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Year : 2022  |  Volume : 18  |  Issue : 1  |  Page : 1-11

Pure laparoscopic versus open donor hepatectomy for adult living donor liver transplantation – A systematic review and meta-analysis

1 Department of Institute of Liver Studies, Institute of Liver Studies, King's College Hospital, Denmark Hill, London, UK
2 Department of Hepatobiliary and Liver Transplantation, St. James's University Hospital NHS Trust, Leeds, UK

Correspondence Address:
Mr. Krishna V Menon
Institute of Liver Studies, King's College Hospital, Denmark Hill, London, SE5 9RS
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Source of Support: None, Conflict of Interest: None

DOI: 10.4103/jmas.JMAS_103_21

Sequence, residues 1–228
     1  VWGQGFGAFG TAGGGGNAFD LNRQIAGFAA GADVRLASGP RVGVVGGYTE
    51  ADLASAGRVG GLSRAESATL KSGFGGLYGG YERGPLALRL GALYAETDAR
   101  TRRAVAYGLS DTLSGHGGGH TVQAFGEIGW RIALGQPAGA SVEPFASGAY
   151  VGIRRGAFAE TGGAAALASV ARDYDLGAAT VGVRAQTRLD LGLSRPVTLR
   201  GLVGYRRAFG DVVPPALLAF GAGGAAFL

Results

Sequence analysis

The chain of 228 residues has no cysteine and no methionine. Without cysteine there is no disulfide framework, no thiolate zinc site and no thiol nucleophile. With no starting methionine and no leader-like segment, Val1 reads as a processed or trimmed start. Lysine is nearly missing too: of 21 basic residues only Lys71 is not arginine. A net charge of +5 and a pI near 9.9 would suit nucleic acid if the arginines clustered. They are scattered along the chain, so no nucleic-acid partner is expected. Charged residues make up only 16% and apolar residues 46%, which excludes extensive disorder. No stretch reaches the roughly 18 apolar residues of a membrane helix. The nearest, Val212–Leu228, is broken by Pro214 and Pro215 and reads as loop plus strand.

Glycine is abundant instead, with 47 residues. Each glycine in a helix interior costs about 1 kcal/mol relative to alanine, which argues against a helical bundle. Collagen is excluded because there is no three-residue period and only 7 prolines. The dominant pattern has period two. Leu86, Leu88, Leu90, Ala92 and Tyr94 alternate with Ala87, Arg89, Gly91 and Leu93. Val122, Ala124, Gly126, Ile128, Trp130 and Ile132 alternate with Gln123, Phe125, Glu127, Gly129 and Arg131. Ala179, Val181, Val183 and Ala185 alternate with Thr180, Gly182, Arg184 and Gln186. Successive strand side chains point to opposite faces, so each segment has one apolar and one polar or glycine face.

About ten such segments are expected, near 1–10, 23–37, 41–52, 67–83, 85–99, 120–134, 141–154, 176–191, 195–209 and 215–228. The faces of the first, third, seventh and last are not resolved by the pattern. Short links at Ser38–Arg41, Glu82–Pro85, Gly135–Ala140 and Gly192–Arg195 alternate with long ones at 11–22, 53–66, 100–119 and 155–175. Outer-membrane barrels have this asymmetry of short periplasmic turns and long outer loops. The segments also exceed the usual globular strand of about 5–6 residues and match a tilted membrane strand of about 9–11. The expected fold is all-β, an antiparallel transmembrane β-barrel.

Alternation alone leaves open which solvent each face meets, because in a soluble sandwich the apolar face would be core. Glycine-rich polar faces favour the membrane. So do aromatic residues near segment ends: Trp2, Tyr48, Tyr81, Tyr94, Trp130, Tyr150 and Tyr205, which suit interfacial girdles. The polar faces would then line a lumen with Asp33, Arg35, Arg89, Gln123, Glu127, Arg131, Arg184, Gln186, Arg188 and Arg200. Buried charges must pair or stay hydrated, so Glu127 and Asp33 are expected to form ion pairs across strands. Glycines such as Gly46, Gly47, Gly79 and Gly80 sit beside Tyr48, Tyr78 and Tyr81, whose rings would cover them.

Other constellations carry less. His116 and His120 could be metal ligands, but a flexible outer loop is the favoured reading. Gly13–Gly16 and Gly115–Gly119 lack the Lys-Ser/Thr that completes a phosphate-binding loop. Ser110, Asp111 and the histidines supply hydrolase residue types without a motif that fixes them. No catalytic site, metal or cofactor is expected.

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Background: Pure laparoscopic donor hepatectomy (PLDH) for adult living donor liver transplantation (LDLT) remains controversial. The aim of this study was to undertake a systematic review and meta-analysis of donor outcomes following PLDH for adult LDLT. Materials and Methods: Systematic review in line with the meta-analysis of observational studies in epidemiology guidelines. Results: Eight studies were included in the systematic review and six in the meta-analysis. A total of 575 donors underwent PLDH for adult LDLT. The mean donor age was 32.8 years with a BMI of 23.4 kg/m2 and graft weight of 675 g. The mean operative time was 353 min and the conversion rate was 2.8% (n = 16). Overall morbidity was 10.8% with 1.6% major complications (Clavien-Dindo grade 3b), zero mortality and 9.0 days length of stay (LOS). The meta-analysis demonstrated that the operative time was significantly shorter for the open donor hepatectomy group (mean difference 29.15 min; P = 0.006) and the LOS was shorter for the PLDH group (mean difference −0.73 days; P = 0.02), with a trend towards lesser estimated blood loss in PLDH group. However, no difference between the two groups was noted in terms of overall morbidity or major complications. Conclusions: Perioperative outcomes of PLDH are similar to the standard open approach in highly specialised centers with trend towards lesser blood loss and overall shorter hospital stay. Careful donor selection and standardisation of the technique are imperative for the successful implementation and adoption of the procedure worldwide.


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